Baltimore-area casinos — which have waited years for permission to offer wagering on football, basketball and other sports — will open in-person sports betting to the public Friday.
Horseshoe Casino Baltimore and Live! Casino & Hotel Maryland both plan to launch their sportsbooks with ribbon-cutting ceremonies Friday, assuming they receive final state approval following two days of controlled demonstrations earlier this week.
The maximum allowable bet will be $5 million for any one sporting event.
That limit was a point of contention during the public comment period on the state’s proposed sports betting regulations. DraftKings and FanDuel, the fantasy sports and sports betting sites, had argued for no limits, while problem gambling experts said the maximum should be no more than $100,000.
“It’s an issue that we looked at from all sides,” said John Martin, director of the Maryland Lottery and Gaming Control Agency, which considered 351 pages of public comments amounting to a debate on what practices should be in-bounds when the first state-sanctioned wagers are made.
Horseshoe plans to open sports wagering Friday afternoon following a ceremony scheduled to include Mayor Brandon Scott, Gov. Larry Hogan, former Ravens Torrey Smith and Adalius Thomas, and former Dunbar and NBA player Muggsy Bogues.
“It’ll be fantastic, I hope,” said Randy Conroy, Horseshoe’s senior vice president and general manager.
Horseshoe, whose revenues have not reached projections made by state consultants before its 2014 opening, hopes sports betting will allow it to further capitalize on its proximity to fans at M&T Bank Stadium, home of the Ravens. In 2018, the casino announced a marketing deal with the Ravens allowing it to use team trademarks and logos. The Ravens have three home games remaining this season, not including the postseason.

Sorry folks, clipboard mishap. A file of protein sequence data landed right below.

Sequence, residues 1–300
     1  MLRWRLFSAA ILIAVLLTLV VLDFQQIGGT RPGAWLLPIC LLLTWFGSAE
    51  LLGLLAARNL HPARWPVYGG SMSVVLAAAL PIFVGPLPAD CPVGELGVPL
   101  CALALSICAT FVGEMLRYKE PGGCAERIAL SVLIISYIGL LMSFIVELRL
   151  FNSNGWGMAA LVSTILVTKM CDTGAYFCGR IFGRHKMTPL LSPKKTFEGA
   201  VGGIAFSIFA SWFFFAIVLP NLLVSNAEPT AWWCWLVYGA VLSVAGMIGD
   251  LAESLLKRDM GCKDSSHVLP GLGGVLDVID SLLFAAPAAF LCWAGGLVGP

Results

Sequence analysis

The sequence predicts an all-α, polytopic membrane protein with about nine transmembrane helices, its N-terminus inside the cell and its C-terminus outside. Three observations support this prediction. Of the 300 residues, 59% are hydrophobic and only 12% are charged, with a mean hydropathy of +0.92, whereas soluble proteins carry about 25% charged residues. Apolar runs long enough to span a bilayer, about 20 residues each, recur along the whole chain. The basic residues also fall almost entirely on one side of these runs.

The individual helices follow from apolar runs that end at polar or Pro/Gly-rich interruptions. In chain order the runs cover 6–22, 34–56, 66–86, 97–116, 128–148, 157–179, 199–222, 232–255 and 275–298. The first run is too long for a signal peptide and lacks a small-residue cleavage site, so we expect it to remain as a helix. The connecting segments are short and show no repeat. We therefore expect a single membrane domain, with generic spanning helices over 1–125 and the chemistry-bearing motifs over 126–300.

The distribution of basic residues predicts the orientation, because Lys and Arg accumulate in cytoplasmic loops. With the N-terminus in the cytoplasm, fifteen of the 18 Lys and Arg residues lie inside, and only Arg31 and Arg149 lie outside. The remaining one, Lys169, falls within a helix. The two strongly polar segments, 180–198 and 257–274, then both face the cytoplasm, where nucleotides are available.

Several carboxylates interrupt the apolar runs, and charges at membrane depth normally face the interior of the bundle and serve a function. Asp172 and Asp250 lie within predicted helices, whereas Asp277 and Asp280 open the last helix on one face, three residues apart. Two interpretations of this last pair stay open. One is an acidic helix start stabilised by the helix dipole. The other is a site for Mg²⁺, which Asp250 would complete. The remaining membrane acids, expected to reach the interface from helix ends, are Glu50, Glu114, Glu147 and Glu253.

Hogan also is scheduled to appear at Live! Casino in Hanover, which announced that the ceremonial first bet at its sportsbook — run in partnership with FanDuel — will be made by former Ravens standout Ed Reed.
“For us, the big benefit is getting people in the building,” said Rob Norton, the casino’s president. Live! is among the Maryland casinos that have renovated their facilities to create sports-themed bars and restaurants where patrons can also bet on games.
MGM National Harbor in Prince George’s County plans to launch sports betting Thursday assuming the state signs off, according to Martin. A casino spokesperson said no further information was available.
Two other Maryland casinos, Hollywood Casino Perryville and Ocean Downs in Worcester County, also are planning to offer sports betting but don’t have a timetable. The sixth state casino, Rocky Gap near Cumberland, “has opted not to get into the game,” Martin said.
The expansion of gambling to encompass sports betting came following a 2018 U.S. Supreme Court decision striking down a congressional ban that had restricted sports wagering to Nevada and a few other states with a history of allowing such bets. Maryland voters approved a ballot question to allow sports betting in 2020, which was followed by a law passed earlier this year setting the parameters of how the industry will operate.
The state will levy a 15% tax on the facilities’ sports gambling proceeds, with most of the money dedicated to public schools. Once all of the state’s in-person and online sports gambling is up and running, the industry is expected to take in about $100 million per year, according to a nonpartisan analysis.